On Saturday, 90 Ravens cheerleader finalists — male and female, culled from over 300 original competitors — auditioned for roughly 60 spots on the squad. Many were returning vets. Men tried out for “stunt” performance only, while women could strut their dance and/or stunt skills. Callback event happened loud and proud, before a paying 500-person crowd ($20 a ticket) at the Lyric Opera House. Fourteen “local celebrity judges” were on hand, including Ravens legend/TV personality Qadry Ismail. Spying the busy coverage in The Baltimore Sun got me pondering the value of performing as a cheerleader as an adult — I mean, I never saw the sense in the silly pastime when I was a kid. Growing up in Texas, cheerleading capital of the universe, I saw the sport as viciously competitive and snobby. Girls who secured a spot on the varsity or JV squad became the royalty of the huge school; they set the standard for looks and decided who fit into the larger popular crowd and who absolutely did not gain admission to keg parties in the woods.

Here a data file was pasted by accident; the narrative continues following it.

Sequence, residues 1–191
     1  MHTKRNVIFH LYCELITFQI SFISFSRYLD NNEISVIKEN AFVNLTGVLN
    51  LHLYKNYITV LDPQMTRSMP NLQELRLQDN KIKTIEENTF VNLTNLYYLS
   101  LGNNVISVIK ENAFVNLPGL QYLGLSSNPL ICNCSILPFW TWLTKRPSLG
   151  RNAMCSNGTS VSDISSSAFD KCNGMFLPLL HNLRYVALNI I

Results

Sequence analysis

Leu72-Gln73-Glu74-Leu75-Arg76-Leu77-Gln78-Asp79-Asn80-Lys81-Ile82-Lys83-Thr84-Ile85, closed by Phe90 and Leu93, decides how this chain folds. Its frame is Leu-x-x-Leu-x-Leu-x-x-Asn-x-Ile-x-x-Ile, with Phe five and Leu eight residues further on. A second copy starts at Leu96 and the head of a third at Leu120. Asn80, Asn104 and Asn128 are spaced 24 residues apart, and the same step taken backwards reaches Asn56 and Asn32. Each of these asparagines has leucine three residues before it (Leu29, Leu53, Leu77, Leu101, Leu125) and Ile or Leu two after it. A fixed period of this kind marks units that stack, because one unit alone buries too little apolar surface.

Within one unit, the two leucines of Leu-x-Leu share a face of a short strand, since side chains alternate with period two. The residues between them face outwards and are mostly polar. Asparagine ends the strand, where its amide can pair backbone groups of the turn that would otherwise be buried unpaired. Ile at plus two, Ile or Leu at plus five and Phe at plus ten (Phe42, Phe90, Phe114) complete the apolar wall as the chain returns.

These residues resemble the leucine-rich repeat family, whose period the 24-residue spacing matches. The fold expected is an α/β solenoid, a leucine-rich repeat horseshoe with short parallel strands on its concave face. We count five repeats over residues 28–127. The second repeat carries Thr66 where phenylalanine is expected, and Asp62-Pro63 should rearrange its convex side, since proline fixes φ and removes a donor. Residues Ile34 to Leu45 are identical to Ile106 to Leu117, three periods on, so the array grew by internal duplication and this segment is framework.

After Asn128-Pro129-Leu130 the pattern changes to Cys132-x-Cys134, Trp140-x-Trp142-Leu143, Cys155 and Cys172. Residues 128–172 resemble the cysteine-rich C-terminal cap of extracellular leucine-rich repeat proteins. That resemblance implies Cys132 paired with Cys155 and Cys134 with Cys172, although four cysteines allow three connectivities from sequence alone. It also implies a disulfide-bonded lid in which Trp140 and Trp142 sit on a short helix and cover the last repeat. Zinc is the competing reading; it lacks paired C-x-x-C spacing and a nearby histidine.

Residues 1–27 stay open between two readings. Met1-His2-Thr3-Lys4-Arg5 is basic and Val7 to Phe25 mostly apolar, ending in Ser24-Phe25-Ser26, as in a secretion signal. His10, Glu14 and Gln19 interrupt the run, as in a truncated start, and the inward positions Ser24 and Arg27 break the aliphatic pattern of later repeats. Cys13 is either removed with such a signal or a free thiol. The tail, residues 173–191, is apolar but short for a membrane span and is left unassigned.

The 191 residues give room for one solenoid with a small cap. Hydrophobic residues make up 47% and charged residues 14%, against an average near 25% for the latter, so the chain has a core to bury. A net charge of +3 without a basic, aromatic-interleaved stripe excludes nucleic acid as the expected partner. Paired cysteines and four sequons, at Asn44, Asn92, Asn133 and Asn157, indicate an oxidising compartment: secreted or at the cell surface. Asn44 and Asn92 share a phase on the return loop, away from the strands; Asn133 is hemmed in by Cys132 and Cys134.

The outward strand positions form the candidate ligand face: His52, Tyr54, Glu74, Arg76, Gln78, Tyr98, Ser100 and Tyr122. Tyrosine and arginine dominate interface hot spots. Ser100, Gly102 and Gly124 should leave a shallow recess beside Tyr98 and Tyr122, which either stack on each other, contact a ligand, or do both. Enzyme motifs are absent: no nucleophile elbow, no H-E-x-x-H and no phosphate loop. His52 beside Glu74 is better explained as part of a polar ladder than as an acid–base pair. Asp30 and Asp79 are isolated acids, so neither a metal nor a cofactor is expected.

After more patient research, I find myself hot-curler-ing a twist into my post’s narrative, a post that I first imagined would involve poking easy fun at these mostly blond and built, typically plainspoken + hyper-chipper gals. Sure, mainstream cheerleading will always sign up beauty and grace of the capital-C Conventional variety (though Cheer Coordinator Tina Galdieri promised she’s looking for beauty, brains, and skill, all three). But the Ravens cheer candidates I’ve recently videoed and read more closely about all come across as mature, realistic adults who are rather humbly passionate about both the Ravens’ team spirit and the joy of fitness. Many of the performers (blond/built/overly made-up included) are married people in their late 20s and early 30s, with kids to care for, and on top of that, full-time jobs to manage. (Full-time employment, full-time stay-at-home-parent status or full-time college enrollment is a requirement, as the Ravens pay cheerleaders only about $100 per game, though squad members can earn money through public appearances, according to About.com). A quick aside: In 2005, Molly Shattuck famously became the oldest Ravens mom-with-pompom at 38.